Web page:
pH-spectrophotometric titration data were used to determine protonation constants of vardenafil at different ionic strengths I and temperatures of 25°C and 37°C. The use of two different multiwavelength and the multivariate treatment of spectral data, SPECFIT32 and SQUAD(84) nonlinear regression analyses and INDICES factor analysis is presented. The reliability of the protonation constants of the drug was proven with goodness-of-fit tests of the pH-spectra. The thermodynamic protonation constants log K Ti were estimated by a nonlinear regression of (log K, I) data using the Debye-Hückel equation, yielding log K 4T = 3.59(1) and 3.26(1), log K 3T = 5.64(1) and 5.81(1), log K 2T = 9.41(1) and 8.59(2), log K 1T = 10.92(2) and 10.05(1) at 25°C and 37°C, where the figure in brackets is the standard deviation in last significant digit. Concurrently, the experimental determination of four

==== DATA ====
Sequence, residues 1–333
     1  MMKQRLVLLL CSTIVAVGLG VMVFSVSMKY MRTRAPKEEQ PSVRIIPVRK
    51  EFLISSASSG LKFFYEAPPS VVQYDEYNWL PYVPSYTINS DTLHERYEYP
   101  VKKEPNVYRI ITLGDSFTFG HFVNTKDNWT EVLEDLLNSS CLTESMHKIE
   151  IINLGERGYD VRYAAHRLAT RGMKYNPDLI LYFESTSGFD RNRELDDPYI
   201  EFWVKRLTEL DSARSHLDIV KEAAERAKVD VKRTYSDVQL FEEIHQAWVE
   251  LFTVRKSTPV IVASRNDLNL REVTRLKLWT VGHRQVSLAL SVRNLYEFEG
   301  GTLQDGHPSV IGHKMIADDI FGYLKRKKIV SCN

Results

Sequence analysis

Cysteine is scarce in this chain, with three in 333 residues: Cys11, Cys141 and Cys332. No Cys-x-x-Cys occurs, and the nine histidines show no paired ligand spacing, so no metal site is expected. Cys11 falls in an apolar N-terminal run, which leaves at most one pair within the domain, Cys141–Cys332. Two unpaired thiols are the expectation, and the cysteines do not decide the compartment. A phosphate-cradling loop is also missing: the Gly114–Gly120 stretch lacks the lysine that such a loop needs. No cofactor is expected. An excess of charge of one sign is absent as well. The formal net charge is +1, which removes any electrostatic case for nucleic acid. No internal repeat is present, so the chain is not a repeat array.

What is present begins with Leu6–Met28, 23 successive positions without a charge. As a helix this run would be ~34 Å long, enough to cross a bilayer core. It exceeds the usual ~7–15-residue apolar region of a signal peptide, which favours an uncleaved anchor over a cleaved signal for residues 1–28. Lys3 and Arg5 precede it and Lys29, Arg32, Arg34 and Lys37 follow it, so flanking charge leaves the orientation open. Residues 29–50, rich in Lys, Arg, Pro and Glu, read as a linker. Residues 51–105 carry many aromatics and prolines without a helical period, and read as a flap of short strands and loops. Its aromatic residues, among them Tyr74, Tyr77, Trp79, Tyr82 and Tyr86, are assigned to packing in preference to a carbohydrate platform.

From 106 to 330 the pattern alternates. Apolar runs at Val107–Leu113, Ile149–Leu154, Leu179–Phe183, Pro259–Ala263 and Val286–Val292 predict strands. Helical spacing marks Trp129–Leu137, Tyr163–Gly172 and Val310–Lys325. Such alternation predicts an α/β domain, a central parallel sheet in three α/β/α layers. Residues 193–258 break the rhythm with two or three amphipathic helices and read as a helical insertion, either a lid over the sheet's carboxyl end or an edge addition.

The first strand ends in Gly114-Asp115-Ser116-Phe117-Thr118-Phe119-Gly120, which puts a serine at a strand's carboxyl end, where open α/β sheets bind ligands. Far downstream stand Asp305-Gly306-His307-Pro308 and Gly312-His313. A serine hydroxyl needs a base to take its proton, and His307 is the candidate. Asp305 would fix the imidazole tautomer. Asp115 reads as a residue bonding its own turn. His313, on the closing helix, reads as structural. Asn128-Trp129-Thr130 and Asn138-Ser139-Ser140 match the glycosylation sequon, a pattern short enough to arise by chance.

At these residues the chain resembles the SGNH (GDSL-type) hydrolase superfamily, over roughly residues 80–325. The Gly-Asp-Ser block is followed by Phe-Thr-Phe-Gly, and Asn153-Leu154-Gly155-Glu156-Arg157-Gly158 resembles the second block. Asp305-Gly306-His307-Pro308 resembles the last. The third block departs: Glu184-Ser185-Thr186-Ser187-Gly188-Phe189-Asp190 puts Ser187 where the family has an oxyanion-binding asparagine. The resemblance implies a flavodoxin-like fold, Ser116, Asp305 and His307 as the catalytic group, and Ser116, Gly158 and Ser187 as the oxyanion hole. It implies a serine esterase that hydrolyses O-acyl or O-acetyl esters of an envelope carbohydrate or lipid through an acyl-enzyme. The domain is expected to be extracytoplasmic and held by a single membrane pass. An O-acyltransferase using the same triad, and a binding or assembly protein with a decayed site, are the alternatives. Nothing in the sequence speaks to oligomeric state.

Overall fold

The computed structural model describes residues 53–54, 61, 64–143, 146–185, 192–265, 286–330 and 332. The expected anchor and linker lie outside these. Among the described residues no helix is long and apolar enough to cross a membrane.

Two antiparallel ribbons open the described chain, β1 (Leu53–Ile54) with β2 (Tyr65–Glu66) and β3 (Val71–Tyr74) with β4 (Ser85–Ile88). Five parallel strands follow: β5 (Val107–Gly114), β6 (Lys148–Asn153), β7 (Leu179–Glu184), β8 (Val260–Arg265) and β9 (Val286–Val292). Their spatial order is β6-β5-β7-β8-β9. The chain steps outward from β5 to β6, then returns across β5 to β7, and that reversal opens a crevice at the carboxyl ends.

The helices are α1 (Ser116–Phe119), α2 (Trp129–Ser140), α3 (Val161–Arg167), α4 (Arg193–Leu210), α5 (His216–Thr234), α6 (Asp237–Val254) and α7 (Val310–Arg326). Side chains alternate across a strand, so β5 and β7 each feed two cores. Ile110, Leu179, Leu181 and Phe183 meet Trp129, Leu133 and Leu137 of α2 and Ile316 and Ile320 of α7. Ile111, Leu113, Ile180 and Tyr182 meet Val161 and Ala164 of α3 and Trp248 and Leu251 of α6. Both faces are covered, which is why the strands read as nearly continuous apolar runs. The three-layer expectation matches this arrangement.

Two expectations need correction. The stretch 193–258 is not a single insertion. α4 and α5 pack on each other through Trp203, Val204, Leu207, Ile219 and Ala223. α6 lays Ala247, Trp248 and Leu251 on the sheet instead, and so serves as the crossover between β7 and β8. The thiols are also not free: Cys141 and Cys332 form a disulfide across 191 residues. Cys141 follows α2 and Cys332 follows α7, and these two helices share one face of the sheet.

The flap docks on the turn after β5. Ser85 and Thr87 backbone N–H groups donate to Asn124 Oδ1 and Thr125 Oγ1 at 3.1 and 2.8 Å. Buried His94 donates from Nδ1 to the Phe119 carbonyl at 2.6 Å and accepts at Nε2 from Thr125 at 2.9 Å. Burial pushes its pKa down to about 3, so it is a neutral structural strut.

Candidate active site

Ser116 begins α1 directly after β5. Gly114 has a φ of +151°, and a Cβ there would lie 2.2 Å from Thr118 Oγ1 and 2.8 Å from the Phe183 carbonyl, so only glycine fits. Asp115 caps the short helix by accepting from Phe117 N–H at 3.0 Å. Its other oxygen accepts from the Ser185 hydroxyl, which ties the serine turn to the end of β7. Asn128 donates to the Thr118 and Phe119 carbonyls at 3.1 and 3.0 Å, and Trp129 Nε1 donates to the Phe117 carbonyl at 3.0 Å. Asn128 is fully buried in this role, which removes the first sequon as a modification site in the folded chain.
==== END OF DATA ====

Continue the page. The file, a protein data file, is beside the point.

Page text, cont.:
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pH-spectrophotometric titration data were used to determine protonation constants of vardenafil at different ionic strengths I and temperatures of 25°C and 37°C. The use of two different multiwavelength and the multivariate treatment of spectral data, SPECFIT32 and SQUAD(84) nonlinear regression analyses and INDICES factor analysis is presented. The reliability of the protonation constants of the drug was proven with goodness-of-fit tests of the pH-spectra. The thermodynamic protonation constants log K Ti were estimated by a nonlinear regression of (log K, I) data using the Debye-Hückel equation, yielding log K 4T = 3.59(1) and 3.26(1), log K 3T = 5.64(1) and 5.81(1), log K 2T = 9.41(1) and 8.59(2), log K 1T = 10.92(2) and 10.05(1) at 25°C and 37°C, where the figure in brackets is the standard deviation in last significant digit. Concurrently, the experimental determination of four thermodynamic protonation constants was combined with the computational prediction of the MARVIN program based on knowledge of the chemical structures of the drug and was in good agreement with its experimental value. The factor analysis of spectra in the INDICES program predicts the correct number of light-absorbing components when the instrument error is known and when the signal-to-error ratio SER is higher than 10. <alternatives> [...] </alternatives>